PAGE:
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Health, Science, Environment

Holiday traffic and Labor Day fun create deadly trend in Missouri, Illinois

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People who report drunk drivers in Illinois this New Year's weekend could get $100 dollars through the Drunkbusters program.

Law enforcement agencies on both sides of the Mississippi River are out in force this weekend to try and keep a deadly trend in check. Historically Labor Day weekend is one of the deadliest holidays to travel in both Missouri and Illinois.

According to the Illinois Department of Transportation, 16 people were killed in car crashes in Illinois last year during Labor Day weekend. Missouri state records show that eight people died in traffic accidents in during Labor Day 2013. The only holiday in 2013 to have more fatal crashes in either state was the 4th of July.

Transportation and highway patrol officials for both states say extra officers will be on the roads through midnight on Labor Day watching out for unsafe driving and conducting sobriety checks.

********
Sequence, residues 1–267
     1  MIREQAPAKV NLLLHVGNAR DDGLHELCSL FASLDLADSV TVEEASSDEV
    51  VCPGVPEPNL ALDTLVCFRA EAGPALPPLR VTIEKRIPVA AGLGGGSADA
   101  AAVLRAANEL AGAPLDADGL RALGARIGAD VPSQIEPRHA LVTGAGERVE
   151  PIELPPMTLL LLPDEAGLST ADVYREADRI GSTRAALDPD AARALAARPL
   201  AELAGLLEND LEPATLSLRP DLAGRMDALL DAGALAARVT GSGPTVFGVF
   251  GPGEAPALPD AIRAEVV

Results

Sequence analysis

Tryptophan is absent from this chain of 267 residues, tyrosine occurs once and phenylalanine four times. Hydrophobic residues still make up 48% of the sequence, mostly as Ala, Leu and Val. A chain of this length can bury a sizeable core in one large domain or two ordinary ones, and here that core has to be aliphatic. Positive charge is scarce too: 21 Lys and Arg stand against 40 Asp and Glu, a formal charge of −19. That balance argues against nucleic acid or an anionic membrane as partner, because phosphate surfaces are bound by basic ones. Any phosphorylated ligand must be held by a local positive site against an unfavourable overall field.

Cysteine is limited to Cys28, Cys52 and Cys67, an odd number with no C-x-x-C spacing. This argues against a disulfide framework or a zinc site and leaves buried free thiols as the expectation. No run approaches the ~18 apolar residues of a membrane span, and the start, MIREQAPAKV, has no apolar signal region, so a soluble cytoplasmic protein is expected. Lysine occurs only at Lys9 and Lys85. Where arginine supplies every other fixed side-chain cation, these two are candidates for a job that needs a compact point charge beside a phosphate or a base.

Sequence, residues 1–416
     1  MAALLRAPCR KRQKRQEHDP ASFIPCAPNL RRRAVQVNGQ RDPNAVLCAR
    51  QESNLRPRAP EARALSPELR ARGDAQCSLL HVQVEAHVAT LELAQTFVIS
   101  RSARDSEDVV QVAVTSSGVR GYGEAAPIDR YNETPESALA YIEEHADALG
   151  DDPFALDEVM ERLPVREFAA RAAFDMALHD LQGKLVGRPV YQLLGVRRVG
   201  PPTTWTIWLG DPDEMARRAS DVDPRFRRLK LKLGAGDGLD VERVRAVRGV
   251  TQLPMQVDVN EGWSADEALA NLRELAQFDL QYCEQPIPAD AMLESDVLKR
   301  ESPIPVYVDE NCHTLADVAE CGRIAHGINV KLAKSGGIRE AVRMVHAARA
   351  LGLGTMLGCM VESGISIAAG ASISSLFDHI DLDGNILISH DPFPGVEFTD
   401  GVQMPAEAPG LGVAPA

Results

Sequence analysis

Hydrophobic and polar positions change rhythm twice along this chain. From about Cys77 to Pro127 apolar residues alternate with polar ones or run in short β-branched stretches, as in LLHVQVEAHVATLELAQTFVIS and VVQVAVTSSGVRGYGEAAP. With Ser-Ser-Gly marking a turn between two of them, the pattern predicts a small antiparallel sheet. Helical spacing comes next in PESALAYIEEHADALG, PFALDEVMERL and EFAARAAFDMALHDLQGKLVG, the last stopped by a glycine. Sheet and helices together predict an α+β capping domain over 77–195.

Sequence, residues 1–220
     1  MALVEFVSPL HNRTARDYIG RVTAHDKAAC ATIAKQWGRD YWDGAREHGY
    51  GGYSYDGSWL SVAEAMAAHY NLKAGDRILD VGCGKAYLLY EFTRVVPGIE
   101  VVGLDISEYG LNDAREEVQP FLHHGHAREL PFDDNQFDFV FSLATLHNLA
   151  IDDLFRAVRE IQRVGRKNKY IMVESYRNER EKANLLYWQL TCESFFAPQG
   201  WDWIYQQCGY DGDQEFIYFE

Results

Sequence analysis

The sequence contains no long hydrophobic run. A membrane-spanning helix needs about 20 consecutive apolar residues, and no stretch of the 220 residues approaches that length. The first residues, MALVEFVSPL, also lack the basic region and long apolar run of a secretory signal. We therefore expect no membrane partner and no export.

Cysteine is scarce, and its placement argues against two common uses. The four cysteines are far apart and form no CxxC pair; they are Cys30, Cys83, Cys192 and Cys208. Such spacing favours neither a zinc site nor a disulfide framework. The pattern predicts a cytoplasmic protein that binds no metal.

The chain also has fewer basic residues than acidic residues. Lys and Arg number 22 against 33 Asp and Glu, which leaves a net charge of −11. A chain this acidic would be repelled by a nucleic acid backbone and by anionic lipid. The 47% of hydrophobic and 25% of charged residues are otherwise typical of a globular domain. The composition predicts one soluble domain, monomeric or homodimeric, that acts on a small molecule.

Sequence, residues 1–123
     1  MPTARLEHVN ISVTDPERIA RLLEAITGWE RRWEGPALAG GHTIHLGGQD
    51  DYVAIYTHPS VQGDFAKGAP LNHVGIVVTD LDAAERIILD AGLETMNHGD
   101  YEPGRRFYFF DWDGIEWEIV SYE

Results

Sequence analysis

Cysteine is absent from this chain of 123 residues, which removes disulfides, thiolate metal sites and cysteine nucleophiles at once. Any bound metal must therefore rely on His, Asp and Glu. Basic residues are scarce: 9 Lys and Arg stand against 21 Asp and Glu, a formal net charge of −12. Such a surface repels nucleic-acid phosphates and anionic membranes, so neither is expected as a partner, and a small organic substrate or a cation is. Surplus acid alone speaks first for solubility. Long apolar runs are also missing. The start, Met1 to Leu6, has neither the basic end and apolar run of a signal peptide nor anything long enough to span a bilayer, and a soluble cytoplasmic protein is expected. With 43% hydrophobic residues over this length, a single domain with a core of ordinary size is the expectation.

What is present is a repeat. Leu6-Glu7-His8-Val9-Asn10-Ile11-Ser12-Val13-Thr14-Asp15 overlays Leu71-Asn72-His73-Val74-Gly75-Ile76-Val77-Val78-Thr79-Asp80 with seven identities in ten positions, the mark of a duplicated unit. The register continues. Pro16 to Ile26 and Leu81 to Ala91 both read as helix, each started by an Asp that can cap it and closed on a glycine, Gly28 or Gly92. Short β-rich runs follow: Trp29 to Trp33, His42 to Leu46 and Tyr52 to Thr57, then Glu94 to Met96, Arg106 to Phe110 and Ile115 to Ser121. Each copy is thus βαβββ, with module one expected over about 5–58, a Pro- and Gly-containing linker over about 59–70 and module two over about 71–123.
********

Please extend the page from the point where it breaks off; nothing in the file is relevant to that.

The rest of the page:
“The goal here is to get drunk and drugged drivers off the roads. Also to look out for folks who don’t have their seatbelts on. When it comes to holidays a lot of people are on the roads,” said Brian Williamsen with the Illinois Department of Transportation.

While Illinois has higher overall fatality numbers for the holiday, an increase in overall fatalities in Missouri this year has state troopers worried.

“Our fatalities are down in past years but they’re up from last year. So we don’t like the trend we’re seeing,” said Sergeant Al Nothum of the Missouri State Highway Patrol. “We’re up about 9 to 11 percent from where we were last year at this time.”

Nothum said a lot of people say the rise in fatalities is because cheaper gas has put more drivers on the road, but he disagrees.

“If a loved one of yours was killed in a car crash tomorrow and you asked me as a trooper why this happened  and I said well it’s because gas prices are down that’s not going to ring true to anybody.”

The trooper says the reason Missouri has fatal car crashes is because people drive too fast, drink and drive and don’t wear their seatbelts.

“It would be a perfect holiday weekend if we didn’t write one ticket and arrest one (person),” said Nothum. “You would not hear one complete from the highway patrol.”

Follow Camille Phillips on Twitter: @cmpcamille.

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